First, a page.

People walk in front of a bank electronic board showing the Hong Kong share index on Friday. Associated Press
The Japanese yen regained its footing on Friday after a bruising week, as the spread of coronavirus cases knocked down stocks and boosted demand for traditional safety plays from bonds to gold.
China reported more cases of the disease, with finance leaders from the Group of 20 major economies meeting in Saudi Arabia over the weekend set to discuss risks to the global economy stemming from the outbreak.
Though markets have largely shrugged off fears of long-term economic damage from the virus, a steady drip of new cases in countries beyond China - South Korea on Friday recording over 50 new cases - has kept worries gnawing away.
Among the winners on Friday were the yen, gold and government bonds.
The yen gained as much as 0.5% against the dollar in European trading, clawing back some ground after what had looked set to be its worst week in 2-1/2 years. It was last up 0.3% at 111.78.
“It’s risk-off. Bonds are being bought again and hedges are being put into play at the moment,” said Olivier Marciot, an investment manager at Unigestion.
Gold scaled its highest in seven years and was last up 0.8% at $1,634.49, having added over 3% this week.
Yields on 30-year US Treasuries fell below the psychologically important 2% level to the lowest since September 2019, while yields on 10-year notes fell to similar lows.
Ten-year German government bond yields fell to a four-month low, with the entire yield curve on the cusp of turning negative. The entire Dutch yield also returned to negative territory.
The moves came at the expense of stocks. Europe’s broad Euro STOXX 600 fell nearly half a per cent at one stage and MSCI world equity index was 0.2% lower and set for its worst week in four.
“US and EU equity markets have been sold across the board with core global yields benefiting from safe-haven flows,” said Rodrigo Catril, a senior FX strategist at NAB.
Not helping the nerves were signs that economies in Asia were feeling the fallout from the epidemic.
MSCI’s broadest index of Asia-Pacific shares outside Japan slipped 1%.
In Japan, factory activity suffered its steepest contraction in seven years in the clearest evidence yet of the coronavirus’ damaging effects.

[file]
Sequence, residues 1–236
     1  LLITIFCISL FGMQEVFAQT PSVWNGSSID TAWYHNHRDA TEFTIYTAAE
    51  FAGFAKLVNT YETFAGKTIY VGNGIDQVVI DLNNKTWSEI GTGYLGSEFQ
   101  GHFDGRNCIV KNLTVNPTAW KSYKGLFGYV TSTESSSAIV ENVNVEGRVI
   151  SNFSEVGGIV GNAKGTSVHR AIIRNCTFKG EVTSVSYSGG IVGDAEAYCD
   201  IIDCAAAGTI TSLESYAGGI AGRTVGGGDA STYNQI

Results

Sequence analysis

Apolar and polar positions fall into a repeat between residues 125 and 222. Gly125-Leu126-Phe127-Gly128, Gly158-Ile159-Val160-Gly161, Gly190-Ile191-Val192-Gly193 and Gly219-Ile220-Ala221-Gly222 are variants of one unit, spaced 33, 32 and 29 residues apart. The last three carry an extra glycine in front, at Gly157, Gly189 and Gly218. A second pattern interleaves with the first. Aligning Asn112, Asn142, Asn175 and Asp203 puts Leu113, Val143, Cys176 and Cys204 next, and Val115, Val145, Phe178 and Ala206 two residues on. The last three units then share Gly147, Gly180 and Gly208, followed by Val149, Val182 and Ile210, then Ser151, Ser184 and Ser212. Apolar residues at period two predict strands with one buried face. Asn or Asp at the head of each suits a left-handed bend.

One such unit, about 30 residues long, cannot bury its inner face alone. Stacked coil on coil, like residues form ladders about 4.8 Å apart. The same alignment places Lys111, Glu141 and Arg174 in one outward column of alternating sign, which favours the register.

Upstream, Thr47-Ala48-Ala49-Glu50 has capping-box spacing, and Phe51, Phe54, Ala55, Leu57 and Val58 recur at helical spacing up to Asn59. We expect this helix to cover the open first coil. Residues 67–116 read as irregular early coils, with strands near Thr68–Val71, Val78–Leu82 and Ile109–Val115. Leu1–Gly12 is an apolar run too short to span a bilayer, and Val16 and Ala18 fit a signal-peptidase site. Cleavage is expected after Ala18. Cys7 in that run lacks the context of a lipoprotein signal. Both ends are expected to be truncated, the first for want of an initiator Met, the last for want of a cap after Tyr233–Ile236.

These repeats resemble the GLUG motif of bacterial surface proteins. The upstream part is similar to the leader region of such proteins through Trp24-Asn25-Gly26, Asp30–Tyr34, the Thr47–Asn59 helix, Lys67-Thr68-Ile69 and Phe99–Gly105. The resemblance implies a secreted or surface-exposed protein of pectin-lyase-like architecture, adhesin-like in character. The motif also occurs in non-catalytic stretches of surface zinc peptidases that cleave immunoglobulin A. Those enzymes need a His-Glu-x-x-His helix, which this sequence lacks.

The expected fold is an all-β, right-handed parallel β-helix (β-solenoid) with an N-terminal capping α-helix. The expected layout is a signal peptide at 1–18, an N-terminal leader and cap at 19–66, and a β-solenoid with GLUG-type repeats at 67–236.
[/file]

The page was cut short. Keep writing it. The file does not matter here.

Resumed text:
In a vignette of the impact in Asia, the International Air Transport Association estimated losses for the region’s airlines alone could near $28 billion this year - with most of that in China.
Still, European surveys painted a brighter economic picture, suggesting fallout further from Asia may be limited.
Business activity in the eurozone accelerated more than expected this month, with France’s service sector rebounding and German private sector growth also holding steady.
British businesses also grew at a solid clip in February, with factories posting the quickest rise in output for 10 months.
The flows into bonds have been a boon to the US dollar, boosting it to multi-month peaks against a raft of competitors this week.
Against a basket of currencies, the dollar was last down 0.1% at 99.722, retreating from 33-month highs touched a day earlier.
As the dollar has gained against the yen, some have called into question its status as a haven in times of economic and geopolitical strife.
Yet some traders said on Friday reports of the yen’s demise were overdone.
“It was too soon to write off the yen as a safe haven,” said Mayank Mishra, an FX strategist at Standard Chartered in Singapore.
“I think the yen is reasserting its status as a safe haven.”
Oil prices fell on Friday as a rise in new cases of coronavirus and weak Asian economic data fuelled uncertainty about the economic outlook and as major crude producers showed no rush to cut output.
Brent crude was down $1.20, or 2%, at $58.11 a barrel by 1136 GMT, while US crude dropped $1.02, or 1.9%, at $52.86 a barrel. Oil prices had edged up on Thursday after a much smaller-than-expected rise in US crude stocks.
“With Brent failing to breach the 60 level on Thursday, despite better-than-expected US oil inventory data, rising market uncertainty is dragging down oil prices on Friday,” said UBS oil analyst Giovanni Staunovo.
“Market participants who benefited from the price rise in recent days might prefer not to go into the weekend with a long position due to the renewed uncertainty,” he added.
Finance leaders from the Group of 20 major economies meet in Saudi Arabia at the weekend to discuss risks to the global economy, as new Asian economic and health data kept investors on guard.
China reported an uptick in new cases of coronavirus on Friday, with more than 200 people testing positive in two prisons.
Factory activity in Japan suffered its steepest contraction in seven years in February, hurt by fallout from the virus outbreak.
“We still believe that the market is likely to trade lower from current levels, given the scale of the surplus over the first half of this year, and the need for the market to send a signal to OPEC+ that they must take further action at their meeting in early March,” said ING analyst Warren Patterson.